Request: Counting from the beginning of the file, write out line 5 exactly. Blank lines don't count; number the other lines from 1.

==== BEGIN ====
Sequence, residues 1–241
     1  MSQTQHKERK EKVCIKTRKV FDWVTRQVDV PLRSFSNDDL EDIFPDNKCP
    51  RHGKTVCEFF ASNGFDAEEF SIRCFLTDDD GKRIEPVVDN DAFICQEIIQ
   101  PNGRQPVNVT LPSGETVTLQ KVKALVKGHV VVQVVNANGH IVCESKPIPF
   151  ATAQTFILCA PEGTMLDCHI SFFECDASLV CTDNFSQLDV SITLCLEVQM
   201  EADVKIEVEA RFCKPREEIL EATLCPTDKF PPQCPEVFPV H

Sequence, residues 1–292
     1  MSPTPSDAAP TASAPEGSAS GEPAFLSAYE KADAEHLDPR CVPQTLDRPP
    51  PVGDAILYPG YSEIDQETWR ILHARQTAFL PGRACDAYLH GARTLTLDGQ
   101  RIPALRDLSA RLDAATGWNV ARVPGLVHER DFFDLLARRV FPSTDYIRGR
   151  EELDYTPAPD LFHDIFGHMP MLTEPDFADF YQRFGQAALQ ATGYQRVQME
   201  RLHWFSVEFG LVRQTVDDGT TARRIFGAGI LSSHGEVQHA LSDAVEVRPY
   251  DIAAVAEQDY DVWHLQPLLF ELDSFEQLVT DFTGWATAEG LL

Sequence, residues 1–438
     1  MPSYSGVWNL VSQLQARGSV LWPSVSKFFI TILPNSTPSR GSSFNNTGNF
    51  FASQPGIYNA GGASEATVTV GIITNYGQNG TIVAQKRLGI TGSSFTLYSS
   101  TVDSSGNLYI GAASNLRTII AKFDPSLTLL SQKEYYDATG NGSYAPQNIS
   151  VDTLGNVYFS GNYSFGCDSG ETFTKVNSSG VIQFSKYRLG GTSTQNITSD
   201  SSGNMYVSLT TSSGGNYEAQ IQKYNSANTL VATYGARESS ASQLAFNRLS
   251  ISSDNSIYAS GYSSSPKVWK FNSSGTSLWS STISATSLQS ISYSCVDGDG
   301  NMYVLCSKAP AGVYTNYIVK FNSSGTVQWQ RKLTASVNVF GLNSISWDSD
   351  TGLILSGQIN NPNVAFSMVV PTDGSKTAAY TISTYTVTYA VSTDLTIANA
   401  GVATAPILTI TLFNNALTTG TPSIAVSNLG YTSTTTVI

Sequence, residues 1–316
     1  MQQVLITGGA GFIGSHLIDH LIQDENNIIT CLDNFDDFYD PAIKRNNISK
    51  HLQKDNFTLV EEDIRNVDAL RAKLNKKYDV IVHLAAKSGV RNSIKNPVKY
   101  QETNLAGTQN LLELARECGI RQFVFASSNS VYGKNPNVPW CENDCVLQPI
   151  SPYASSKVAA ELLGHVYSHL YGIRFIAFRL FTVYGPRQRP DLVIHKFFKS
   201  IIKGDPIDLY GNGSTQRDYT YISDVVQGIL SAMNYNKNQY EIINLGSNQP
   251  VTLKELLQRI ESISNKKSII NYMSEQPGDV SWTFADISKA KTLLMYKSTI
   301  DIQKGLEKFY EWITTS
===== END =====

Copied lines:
   151  ATAQTFILCA PEGTMLDCHI SFFECDASLV CTDNFSQLDV SITLCLEVQM